WORRYING TREND: You Have A Friend founder John Lee is concerned about the rise in ice use among homeless.
WORRYING TREND: You Have A Friend founder John Lee is concerned about the rise in ice use among homeless. Scott Davis

Drug dealers targeting homeless on the Tweed

ICE dealers have upped their game among the homeless, preying on them in parks and on city streets, with service providers warning things will only get worse in the lead-up to Christmas.

Spokesmen for St John's Crisis Centre, the Salvos and Transformations rehabilitation centre, all on the Gold Coast, as well as You Have a Friend at the Tweed, confirmed a worrying rise in ice use among the destitute.

You Have a Friend founder John Lee said he too was concerned about the rise in ice use among the homeless his charity helped at Coolangatta, Murwillumbah and Tweed Heads.

"There's definitely an increase and there's no sign of it dropping," he said.

"As soon as these guys get their money, the dealers are there in the parks, following them around.

"The police need to be targeting the dealers - the main big boys selling ice to the homeless.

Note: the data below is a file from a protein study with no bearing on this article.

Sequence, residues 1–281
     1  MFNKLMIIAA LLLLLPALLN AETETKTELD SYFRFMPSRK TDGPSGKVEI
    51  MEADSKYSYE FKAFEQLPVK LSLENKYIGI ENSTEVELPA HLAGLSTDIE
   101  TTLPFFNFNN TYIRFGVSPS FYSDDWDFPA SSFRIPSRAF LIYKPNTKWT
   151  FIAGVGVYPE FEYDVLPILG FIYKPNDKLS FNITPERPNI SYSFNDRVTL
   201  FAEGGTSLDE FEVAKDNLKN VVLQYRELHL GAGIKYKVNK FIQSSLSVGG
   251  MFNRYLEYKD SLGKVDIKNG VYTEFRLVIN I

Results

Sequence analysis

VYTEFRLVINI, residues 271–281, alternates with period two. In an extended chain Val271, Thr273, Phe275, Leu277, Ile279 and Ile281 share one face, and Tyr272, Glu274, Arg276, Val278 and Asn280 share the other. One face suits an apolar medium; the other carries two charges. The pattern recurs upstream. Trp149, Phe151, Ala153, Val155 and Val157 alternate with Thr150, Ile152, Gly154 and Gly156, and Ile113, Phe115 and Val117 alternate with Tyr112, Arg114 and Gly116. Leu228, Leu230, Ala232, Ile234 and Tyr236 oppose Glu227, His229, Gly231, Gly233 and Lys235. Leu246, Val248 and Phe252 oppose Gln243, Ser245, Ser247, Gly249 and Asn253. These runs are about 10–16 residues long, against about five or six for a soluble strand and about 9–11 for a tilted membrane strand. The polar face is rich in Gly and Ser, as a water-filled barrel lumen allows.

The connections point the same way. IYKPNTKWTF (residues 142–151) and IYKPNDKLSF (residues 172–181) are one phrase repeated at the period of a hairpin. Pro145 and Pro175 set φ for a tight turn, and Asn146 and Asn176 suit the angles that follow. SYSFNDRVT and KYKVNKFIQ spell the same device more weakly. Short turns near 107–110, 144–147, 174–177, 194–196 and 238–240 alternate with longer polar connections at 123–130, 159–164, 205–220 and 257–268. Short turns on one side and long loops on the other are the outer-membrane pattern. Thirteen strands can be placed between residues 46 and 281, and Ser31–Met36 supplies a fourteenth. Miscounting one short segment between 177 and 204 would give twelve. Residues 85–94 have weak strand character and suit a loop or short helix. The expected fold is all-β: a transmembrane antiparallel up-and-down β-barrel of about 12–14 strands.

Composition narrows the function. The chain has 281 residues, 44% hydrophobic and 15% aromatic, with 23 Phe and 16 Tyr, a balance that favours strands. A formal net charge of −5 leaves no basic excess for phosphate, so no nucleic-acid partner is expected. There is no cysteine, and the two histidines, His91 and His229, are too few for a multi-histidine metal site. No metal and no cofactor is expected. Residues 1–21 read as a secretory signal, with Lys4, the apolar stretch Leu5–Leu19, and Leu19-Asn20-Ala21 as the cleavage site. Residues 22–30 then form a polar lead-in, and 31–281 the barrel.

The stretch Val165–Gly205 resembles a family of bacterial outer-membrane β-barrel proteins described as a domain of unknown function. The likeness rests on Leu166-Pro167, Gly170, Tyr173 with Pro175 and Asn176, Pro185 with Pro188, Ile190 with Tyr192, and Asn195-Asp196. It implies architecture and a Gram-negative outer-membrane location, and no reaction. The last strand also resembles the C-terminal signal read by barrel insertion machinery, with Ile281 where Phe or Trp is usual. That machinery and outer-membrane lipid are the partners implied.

"Fortunately not all the homeless are buying ice.

"Many of them have asked me to help them stop the ice epidemic."

Rev Jon Brook, of St John's in Surfers Paradise, said he and his team had seen an increase in those seeking help.

"We've always had a handful of homeless people taking ice but we are seeing more and more," he said.

"We're regularly feeding up to 70 people a day.

"I guess it's because it's warmer and more homeless people are moving here."

Rev Brook said the issue was raised with him by other concerned delegates at the recent homeless symposium at Carrara.

Salvos' Gold Coast Recovery Services manager Major David Rogerson said he too had seen a general increase in ice use.

He attributed this in part to its availability and the fact it was so easy to access.

"We had one of our guys who went through our program who was doing very well," he said.

"Then he disappeared for several days.

"We made calls to the police and found him on the street using ice, which wasn't his drug of choice.

"He was living homeless with another guy and they were using it together.

"He's in his late 40s and decided to try ice for the first time. Now he's living rough and using alcohol as well."

Mr Rogerson warned ice use among the homeless would definitely increase as Christmas came closer.

"Loneliness and isolation is a killer," he said.

"People numb their pain with drugs."

Transformations at Surfers Paradise chief executive Michael Barrett said he had also noticed a rise in ice abuse among the homeless, which was part of a general rise across the city.

"Their drug of choice used to be pot and alcohol but ice has replaced most of that among the homeless," he said.

"Police are doing a good job with heroin and cocaine busts but unfortunately meth can be made in pop-up labs, so it's more difficult to control.

"It's hard to know how the homeless are paying for their ice but it is cheaper. A $30 hit will last them 10-12 hours."